Apocalypse and Armada in Kyd's Spanish Tragedy.Frank Ardolino's allegorical reading of Thomas Kyd's The Spanish Tragedy claims to uncover a biblical and historical subtext sub·text
1. The implicit meaning or theme of a literary text.
2. The underlying personality of a dramatic character as implied or indicated by a script or text and interpreted by an actor in performance. that has largely been lost to readers over the last four hundred years Four Hundred Years was a melodic screamo band from Richmond, VA. Although they were only together for just over two years, the band produced two full-length releases and a compilation of singles on Lovitt Records. . Although The Spanish Tragedy could hardly avoid referring to England's conflict with Spain, even if written wall before 1588, Ardolino asserts that this revenge play symbolically reenacts a specific instance of divine retribution that (for Kyd and his audience) was carried out against the Spanish Armada by the English fleet off Calais. He consequently dates the play (first performed in 1592) as no earlier than 1588.
Ardolino's analysis brings an ingenious order to many of the play's perplexing per·plex
tr.v. per·plexed, per·plex·ing, per·plex·es
1. To confuse or trouble with uncertainty or doubt. See Synonyms at puzzle.
2. To make confusedly intricate; complicate. turns, such as the tremendous bloodletting bloodletting, also called bleeding, practice of drawing blood from the body in the treatment of disease. General bloodletting consists of the abstraction of blood by incision into an artery (arteriotomy) or vein (venesection, or phlebotomy). of the final scene, when Hieronimo not only avenges his son's murder but also kills the duke of Castile and stabs himself. But the worth of this study lies less in the force of its general argument than in its tremendously useful discussion of specific historical and biblical allusions. To offer but one example, Ardolino says that the play's obsession with revenge - brought out by the repetition of the word itself, by the character of Revenge, and by the general ethos of revenge - recalls Sir Francis Drake's flagship, Revenge, and so also its role in the defeat of the Armada. This reference is as difficult to prove as the parallels that Ardolino finds between Kyd's characters and the names of various English and Spanish ships (given that hundreds of vessels took part in the famous battle). Nevertheless, his analysis of the English revenge play within the context of the allegorical and biblical names that the English gave to their ships is highly suggestive.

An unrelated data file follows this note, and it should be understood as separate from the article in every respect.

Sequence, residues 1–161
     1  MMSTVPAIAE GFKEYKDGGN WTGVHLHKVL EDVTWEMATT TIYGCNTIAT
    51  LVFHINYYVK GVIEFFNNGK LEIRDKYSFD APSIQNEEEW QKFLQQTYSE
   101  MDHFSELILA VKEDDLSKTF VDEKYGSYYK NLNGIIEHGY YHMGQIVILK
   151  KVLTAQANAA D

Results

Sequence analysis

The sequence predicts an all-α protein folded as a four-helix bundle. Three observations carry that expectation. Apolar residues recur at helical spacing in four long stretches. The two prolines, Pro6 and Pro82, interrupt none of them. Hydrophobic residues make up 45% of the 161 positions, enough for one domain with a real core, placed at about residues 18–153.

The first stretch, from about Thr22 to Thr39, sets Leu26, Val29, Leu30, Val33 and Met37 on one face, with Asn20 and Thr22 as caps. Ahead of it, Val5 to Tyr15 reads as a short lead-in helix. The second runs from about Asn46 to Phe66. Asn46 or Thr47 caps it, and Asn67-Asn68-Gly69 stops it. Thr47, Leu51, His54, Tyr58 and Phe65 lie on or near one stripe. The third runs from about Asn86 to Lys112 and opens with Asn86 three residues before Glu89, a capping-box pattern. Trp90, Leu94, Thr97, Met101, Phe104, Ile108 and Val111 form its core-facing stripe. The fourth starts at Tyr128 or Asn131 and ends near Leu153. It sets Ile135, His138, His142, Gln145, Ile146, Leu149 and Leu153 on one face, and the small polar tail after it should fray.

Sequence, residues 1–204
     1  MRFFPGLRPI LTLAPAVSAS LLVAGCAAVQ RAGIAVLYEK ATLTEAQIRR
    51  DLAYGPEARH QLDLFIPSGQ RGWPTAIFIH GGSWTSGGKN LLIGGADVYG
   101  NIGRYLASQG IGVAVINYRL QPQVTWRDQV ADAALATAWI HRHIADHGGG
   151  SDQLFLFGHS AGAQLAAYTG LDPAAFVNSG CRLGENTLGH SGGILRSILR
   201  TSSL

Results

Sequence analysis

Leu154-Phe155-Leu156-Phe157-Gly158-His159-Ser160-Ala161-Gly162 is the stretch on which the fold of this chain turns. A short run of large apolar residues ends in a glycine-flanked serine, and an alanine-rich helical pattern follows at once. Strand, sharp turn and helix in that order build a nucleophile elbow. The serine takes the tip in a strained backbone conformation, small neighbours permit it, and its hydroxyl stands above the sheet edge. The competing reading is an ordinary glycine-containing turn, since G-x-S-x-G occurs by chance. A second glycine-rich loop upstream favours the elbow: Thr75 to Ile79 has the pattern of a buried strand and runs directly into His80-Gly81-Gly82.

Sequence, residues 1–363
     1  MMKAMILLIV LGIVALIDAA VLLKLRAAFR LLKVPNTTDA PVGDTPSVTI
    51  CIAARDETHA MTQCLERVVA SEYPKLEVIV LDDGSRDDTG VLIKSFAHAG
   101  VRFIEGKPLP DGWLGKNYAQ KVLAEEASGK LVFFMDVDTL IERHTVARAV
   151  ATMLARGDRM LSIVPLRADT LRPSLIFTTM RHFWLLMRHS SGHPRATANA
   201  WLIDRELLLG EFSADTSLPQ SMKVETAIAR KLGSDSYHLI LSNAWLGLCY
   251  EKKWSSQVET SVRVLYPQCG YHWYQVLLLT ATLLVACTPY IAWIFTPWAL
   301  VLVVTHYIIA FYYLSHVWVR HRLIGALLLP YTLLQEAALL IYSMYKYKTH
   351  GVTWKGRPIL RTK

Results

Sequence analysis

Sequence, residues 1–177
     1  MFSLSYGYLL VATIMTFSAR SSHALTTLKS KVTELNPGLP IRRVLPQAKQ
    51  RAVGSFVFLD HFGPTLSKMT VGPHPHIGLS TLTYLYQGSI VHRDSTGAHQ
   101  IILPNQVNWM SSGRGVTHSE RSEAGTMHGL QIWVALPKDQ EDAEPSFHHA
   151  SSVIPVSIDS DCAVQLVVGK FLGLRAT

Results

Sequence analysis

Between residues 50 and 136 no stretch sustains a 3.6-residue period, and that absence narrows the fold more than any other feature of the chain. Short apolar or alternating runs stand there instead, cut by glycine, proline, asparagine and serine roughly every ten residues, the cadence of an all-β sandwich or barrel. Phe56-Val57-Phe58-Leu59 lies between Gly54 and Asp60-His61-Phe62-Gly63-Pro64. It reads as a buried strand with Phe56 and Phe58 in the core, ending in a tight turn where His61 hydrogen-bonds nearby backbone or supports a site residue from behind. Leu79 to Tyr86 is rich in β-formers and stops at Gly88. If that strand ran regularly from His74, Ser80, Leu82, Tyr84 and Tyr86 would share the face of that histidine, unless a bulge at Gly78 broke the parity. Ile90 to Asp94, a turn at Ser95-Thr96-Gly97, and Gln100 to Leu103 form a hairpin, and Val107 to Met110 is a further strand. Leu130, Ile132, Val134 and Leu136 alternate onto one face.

The study, divided into two sections, "Apocalypse" and "History," addresses several levels of meaning in the play, first biblical and then historical. For Ardolino, Kyd justifies Hieronimo's acts of revenge primarily by syncretizing the classical concept of destiny and the Christian concept of divine providence. Senecan vengeance prevails, but in the guise of a modern Daniel (Hieronimo) who defeats a doomed Babylon (Spain). Ardolino also shows how the Protestant reading of the Book of Revelation might allow Kyd's audience to see Hieronimo not as a usurper USURPER, government. One who assumes the right of government by force, contrary to and in violation of the constitution of the country. Toull. Dr. Civ. n. 32. Vide Tyranny, of God's role but rather as a divine instrument in the struggle against the Antichrist Antichrist (ăn`tĭkrīst), in Christian belief, a person who will represent on earth the powers of evil by opposing the Christ, glorifying himself, and causing many to leave the faith. .
The historical allusions that complement the Anglo-Spanish rivalry are more subtle than the biblical allusions because they entail a set of reversals, which in turn heighten the sense of revenge and irony. Ardolino observes how Hieronimo, before his playlet play·let
A short play.
Noun 1. playlet - a short play
drama, dramatic play, play - a dramatic work intended for performance by actors on a stage; "he wrote several plays but only one was produced on Broadway" , alludes to three plots in which "the representatives of Antichrist triumph" (91): Nero's killing of the Pisonian conspirators CONSPIRATORS. Persons guilty of a conspiracy. See 3 Bl. Com. 126-71 Wils. Rep. 210-11. See Conspiracy. , Lorenzo de' Medici's quelling of the Pazzi plot, and the Pads massacre of 1572 instigated by the Valois rulers of France This is a list of rulers and office-holders of France. Heads of state
At every step Ardolino demonstrates how the political and religious interpretations of the play complement one another. And yet I feel that the consequences of this dual reading do not receive the final reflection that they deserve. For many readers the study will succeed in its attempt to "restore the apocalyptic and historical meanings to The Spanish Tragedy" (166), but here the book ends with another assertion that the play was written after the defeat of the Armada. One misses the more interesting and even more compelling conclusions that Ardolino could draw from his important and provocative study.
GLEN CARMAN Car´man
n. 1. A man whose employment is to drive, or to convey goods in, a car or car. DePaul University